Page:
There’s little question that two-sided markets, built properly, can create considerable value for both sole proprietors and the clients they serve. This is evidenced by platforms like Turo for car owners and the renters they serve, Uber for drivers and people looking for rides, and Fiverr connecting freelancers with businesses in need of their services. But building a successful two-way platform requires more than identifying a niche market that’s being under served by its current suitors.
This past week’s news that US legal technology player UpCounsel was abruptly shutting down was surprising, especially given how well funded they were. Perhaps more importantly though, it shed light on some of the challenges that need to be avoided when building a two-sided market. UpCounsel connected freelance lawyers with small businesses, an industry with a reputation for being excessively expensive, but credibility became an issue when customers rightfully questioned the credentials of the lawyers they’d hired through the website.
Here are four areas that need to be considered in the operation of a credible two-sided marketplace:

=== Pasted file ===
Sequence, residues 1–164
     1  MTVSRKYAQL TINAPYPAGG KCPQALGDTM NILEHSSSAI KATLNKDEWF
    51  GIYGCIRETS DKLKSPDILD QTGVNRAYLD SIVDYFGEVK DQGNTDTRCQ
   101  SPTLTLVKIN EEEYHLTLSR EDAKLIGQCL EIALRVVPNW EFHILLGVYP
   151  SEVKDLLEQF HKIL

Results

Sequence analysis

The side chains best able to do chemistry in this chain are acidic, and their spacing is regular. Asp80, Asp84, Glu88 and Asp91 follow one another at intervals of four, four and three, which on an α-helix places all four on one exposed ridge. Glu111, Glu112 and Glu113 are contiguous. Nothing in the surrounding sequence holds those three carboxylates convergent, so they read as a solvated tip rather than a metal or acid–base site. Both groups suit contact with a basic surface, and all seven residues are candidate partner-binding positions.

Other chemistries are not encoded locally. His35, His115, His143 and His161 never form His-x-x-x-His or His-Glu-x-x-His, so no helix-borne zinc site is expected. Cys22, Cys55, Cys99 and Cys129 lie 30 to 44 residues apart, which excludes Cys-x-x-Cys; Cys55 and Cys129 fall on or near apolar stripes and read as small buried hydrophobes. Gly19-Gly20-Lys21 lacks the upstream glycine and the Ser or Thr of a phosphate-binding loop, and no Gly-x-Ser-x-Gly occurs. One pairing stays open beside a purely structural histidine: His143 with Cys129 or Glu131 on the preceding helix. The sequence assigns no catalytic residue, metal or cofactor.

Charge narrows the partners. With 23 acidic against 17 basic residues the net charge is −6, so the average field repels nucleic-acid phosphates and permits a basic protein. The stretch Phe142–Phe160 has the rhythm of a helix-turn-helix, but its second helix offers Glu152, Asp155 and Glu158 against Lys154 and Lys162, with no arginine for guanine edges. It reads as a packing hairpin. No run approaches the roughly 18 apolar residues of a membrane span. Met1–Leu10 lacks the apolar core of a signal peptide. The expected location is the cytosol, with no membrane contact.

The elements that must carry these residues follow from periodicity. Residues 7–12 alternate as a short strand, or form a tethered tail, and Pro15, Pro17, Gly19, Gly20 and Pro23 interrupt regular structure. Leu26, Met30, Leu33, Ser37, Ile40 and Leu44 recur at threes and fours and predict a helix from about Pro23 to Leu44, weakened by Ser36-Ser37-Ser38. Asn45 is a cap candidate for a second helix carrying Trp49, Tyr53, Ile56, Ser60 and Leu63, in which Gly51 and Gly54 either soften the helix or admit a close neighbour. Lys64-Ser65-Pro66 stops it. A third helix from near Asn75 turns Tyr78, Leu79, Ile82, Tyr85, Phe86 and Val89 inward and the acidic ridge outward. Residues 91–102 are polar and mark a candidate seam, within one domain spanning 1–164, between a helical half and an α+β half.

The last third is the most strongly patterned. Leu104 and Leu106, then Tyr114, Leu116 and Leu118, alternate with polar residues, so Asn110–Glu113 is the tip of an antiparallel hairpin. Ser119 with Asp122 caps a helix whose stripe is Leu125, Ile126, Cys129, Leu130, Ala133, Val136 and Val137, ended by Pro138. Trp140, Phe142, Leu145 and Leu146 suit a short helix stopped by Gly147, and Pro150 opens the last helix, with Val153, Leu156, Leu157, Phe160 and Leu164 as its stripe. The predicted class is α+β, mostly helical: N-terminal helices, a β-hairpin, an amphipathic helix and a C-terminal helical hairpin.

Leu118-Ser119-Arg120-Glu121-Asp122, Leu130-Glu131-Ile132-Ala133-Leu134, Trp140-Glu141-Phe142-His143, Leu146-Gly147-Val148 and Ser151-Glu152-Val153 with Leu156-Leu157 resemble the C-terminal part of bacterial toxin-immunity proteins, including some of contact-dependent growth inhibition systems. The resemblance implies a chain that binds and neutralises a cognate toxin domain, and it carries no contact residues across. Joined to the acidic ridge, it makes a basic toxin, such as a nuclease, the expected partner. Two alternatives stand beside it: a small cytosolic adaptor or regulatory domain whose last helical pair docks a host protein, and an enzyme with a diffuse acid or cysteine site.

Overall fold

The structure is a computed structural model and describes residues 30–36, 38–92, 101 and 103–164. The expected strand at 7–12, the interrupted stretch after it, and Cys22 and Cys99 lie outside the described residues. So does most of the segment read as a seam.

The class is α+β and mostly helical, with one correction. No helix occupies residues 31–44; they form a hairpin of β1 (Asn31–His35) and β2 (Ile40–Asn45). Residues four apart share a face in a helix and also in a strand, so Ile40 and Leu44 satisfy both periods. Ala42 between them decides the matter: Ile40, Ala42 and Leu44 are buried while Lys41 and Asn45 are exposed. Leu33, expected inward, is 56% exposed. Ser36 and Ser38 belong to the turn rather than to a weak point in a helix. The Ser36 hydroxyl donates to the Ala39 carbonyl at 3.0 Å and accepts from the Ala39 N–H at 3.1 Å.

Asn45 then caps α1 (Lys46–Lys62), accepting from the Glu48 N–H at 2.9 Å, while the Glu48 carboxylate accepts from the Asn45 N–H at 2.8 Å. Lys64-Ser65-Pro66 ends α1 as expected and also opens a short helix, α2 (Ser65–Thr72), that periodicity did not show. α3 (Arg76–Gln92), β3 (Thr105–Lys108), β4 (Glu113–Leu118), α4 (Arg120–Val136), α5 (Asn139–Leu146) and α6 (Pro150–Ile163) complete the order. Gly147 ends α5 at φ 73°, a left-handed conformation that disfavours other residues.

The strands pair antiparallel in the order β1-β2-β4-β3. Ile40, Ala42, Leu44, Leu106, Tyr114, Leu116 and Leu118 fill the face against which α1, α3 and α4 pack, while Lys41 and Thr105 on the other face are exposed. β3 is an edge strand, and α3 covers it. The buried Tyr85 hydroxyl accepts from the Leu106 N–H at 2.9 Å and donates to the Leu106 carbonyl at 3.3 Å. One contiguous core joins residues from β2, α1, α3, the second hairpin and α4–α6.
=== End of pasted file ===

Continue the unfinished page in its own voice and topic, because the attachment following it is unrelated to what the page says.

Credentials of the individuals or businesses delivering the service must be properly validated so that customers can have confidence they’re being served by professionals that know what they’re doing. Not just anyone should be allowed to use the platform. They must meet minimum requirements and have those requirements confirmed. While this might take time and resource to accomplish, it is necessary to building a platform that will last.
- Two-Way Feedback
Potential customers can be confident in the service provider they select based on reviews from others that have used their services in the past. Service providers will want to deliver as positive an experience as possible to ensure they receive top marks. On the flip side, problem customers can be identified by ratings they receive from their service providers. This allows services providers the opportunity to raise red flags about clients that others may not want to deal with.
As with any business, problems will be impossible to avoid, but the quicker they’re addressed the better. Responsiveness to both client and service provider concerns will go a long way in helping to prioritize important platform improvements as well as to identify bad apples on both sides of the market.
When you’re managing a two-sided platform both sides need to be accountable, and there need to be repercussions for things like poor behaviour or inadequate service delivery. While two way feedback channels and public ratings will sometimes take care of this by themselves, extreme cases will require those running the platform get involved to hand out appropriate punishments in order to avoid future issues.
I’ve been on both sides of two-sided markets and strongly believe in their capacity to create a better experience for both sides. While my negative experiences have been few and far between, I credit that to having used platforms that are mature and already well established as credible.
What kinds of experiences, positive or negative, have you had with two sided platforms?